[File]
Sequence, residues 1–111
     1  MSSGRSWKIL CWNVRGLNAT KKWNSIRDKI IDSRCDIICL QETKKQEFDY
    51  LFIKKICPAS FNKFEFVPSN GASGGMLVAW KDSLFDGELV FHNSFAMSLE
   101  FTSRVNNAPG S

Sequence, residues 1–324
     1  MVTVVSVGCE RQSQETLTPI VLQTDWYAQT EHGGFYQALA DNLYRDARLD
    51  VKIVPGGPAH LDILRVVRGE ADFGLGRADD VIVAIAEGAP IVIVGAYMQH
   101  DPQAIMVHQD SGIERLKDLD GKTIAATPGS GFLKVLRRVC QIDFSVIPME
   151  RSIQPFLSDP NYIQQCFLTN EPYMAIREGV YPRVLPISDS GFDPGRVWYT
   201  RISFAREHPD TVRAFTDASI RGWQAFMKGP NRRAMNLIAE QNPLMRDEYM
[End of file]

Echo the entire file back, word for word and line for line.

Sequence, residues 1–111
     1  MSSGRSWKIL CWNVRGLNAT KKWNSIRDKI IDSRCDIICL QETKKQEFDY
    51  LFIKKICPAS FNKFEFVPSN GASGGMLVAW KDSLFDGELV FHNSFAMSLE
   101  FTSRVNNAPG S

Sequence, residues 1–324
     1  MVTVVSVGCE RQSQETLTPI VLQTDWYAQT EHGGFYQALA DNLYRDARLD
    51  VKIVPGGPAH LDILRVVRGE ADFGLGRADD VIVAIAEGAP IVIVGAYMQH
   101  DPQAIMVHQD SGIERLKDLD GKTIAATPGS GFLKVLRRVC QIDFSVIPME
   151  RSIQPFLSDP NYIQQCFLTN EPYMAIREGV YPRVLPISDS GFDPGRVWYT
   201  RISFAREHPD TVRAFTDASI RGWQAFMKGP NRRAMNLIAE QNPLMRDEYM